#Read21in21 January Overview

I decided to participate in the #Read21in21 challenge for this year to help me build a daily habit of reading. Surprisingly, I have yet missed a day of reading. I squeeze time for reading by listening to audiobooks on the way home from work or read for 21 minutes before going to sleep. Here is what I read for January:

Where the Crawdads Sing by Delia Owens

For years, rumors of the “Marsh Girl” have haunted Barkley Cove, a quiet town on the North Carolina coast. So in late 1969, when handsome Chase Andrews is found dead, the locals immediately suspect Kya Clark, the so-called Marsh Girl. But Kya is not what they say. Sensitive and intelligent, she has survived for years alone in the marsh that she calls home, finding friends in the gulls and lessons in the sand. Then the time comes when she yearns to be touched and loved. When two young men from town become intrigued by her wild beauty, Kya opens herself to a new life — until the unthinkable happens.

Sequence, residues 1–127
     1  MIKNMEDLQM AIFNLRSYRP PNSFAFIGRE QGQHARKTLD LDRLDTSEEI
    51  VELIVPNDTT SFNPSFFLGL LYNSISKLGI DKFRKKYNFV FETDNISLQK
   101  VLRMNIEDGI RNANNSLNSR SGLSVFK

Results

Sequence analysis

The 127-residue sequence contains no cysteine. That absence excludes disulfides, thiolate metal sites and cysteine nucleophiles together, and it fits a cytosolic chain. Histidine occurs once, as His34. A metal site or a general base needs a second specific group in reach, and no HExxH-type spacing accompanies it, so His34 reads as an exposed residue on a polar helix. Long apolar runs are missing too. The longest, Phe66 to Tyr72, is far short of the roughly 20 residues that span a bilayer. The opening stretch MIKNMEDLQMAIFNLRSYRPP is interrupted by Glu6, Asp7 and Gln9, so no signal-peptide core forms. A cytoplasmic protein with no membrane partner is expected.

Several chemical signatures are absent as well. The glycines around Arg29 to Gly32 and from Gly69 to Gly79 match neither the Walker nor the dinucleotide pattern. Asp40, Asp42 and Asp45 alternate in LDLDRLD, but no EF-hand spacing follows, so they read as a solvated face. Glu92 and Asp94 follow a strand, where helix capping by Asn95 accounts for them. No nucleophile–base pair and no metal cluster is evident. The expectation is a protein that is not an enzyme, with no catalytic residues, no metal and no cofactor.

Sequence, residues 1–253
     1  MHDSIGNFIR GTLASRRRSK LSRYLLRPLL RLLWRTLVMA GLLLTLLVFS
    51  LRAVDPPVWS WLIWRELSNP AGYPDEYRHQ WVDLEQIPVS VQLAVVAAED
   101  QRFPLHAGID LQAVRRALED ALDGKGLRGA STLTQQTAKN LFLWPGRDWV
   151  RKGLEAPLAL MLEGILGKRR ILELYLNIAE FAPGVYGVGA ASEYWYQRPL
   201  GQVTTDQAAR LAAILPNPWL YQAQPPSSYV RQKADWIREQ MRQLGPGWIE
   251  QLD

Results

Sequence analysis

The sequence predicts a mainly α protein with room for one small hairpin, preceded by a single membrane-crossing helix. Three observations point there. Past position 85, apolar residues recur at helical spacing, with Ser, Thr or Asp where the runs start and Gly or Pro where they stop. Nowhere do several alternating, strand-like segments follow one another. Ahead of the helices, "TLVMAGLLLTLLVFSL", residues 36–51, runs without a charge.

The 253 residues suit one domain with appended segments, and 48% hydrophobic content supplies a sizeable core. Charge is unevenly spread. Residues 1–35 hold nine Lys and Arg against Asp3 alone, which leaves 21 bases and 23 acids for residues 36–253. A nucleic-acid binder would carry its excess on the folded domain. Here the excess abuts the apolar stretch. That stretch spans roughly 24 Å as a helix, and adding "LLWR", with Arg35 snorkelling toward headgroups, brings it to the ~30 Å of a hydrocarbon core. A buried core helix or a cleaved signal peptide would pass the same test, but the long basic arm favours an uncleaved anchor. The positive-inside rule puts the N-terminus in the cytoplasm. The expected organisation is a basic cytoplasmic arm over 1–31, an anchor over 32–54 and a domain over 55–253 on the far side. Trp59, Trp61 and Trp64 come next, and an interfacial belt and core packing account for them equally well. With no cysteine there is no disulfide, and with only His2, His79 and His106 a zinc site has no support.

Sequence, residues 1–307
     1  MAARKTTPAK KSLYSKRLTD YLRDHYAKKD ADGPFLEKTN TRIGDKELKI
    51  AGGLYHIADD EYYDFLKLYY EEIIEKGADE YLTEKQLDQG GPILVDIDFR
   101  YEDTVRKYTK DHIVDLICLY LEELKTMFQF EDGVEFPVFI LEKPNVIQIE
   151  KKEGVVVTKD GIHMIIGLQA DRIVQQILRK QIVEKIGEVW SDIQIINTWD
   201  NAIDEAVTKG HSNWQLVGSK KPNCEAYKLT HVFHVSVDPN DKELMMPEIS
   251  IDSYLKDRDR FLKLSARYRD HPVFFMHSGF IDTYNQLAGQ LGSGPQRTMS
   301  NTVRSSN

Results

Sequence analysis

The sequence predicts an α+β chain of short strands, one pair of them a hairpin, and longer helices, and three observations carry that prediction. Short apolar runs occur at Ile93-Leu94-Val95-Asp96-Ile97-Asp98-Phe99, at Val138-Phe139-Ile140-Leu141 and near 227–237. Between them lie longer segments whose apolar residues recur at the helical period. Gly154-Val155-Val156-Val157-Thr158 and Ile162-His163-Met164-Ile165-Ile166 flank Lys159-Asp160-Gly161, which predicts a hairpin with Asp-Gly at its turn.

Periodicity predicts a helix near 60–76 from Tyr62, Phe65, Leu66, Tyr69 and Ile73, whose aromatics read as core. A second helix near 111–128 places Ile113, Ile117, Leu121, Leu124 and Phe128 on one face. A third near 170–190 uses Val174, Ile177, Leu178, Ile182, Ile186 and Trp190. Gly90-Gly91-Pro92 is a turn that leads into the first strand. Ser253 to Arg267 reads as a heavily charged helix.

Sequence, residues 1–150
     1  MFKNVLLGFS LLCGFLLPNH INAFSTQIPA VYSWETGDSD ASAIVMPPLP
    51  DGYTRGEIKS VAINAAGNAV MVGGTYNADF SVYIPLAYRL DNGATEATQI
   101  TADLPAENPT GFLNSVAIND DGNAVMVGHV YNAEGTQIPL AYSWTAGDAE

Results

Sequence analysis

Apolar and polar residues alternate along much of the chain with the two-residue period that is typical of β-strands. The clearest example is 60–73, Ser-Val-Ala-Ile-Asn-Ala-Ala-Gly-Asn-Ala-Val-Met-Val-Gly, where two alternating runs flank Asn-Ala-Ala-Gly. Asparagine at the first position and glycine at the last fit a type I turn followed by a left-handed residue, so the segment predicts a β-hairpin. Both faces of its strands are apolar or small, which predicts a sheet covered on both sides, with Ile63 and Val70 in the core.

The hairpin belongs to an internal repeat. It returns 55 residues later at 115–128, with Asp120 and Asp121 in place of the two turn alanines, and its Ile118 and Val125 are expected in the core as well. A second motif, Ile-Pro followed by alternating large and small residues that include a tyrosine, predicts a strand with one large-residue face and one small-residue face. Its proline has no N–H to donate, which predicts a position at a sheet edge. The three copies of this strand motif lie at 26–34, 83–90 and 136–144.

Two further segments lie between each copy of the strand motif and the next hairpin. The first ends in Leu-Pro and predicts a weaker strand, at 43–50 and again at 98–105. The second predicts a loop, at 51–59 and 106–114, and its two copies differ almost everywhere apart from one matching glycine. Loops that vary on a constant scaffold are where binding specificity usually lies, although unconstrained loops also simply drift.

My take: I enjoyed listening to this audiobook during my drives home. I could definitely get lost in her words.

The Overdue Life of Amy Byler by Kelly Harms

Overworked and underappreciated, single mom Amy Byler needs a break. So when the guilt-ridden husband who abandoned her shows up and offers to take care of their kids for the summer, she accepts his offer and escapes rural Pennsylvania for New York City. Usually grounded and mild mannered, Amy finally lets her hair down in the city that never sleeps. She discovers a life filled with culture, sophistication, and – with a little encouragement from her friends – a few blind dates. When one man in particular makes quick work of Amy’s heart, she risks losing herself completely in the unexpected escape, and as the summer comes to an end, Amy realizes too late that she must make an impossible decision: stay in this exciting new chapter of her life, or return to the life she left behind. But before she can choose, a crisis forces the two worlds together, and Amy must stare down a future where she could lose both sides of herself, and every dream she’s ever nurtured, in the beat of a heart.”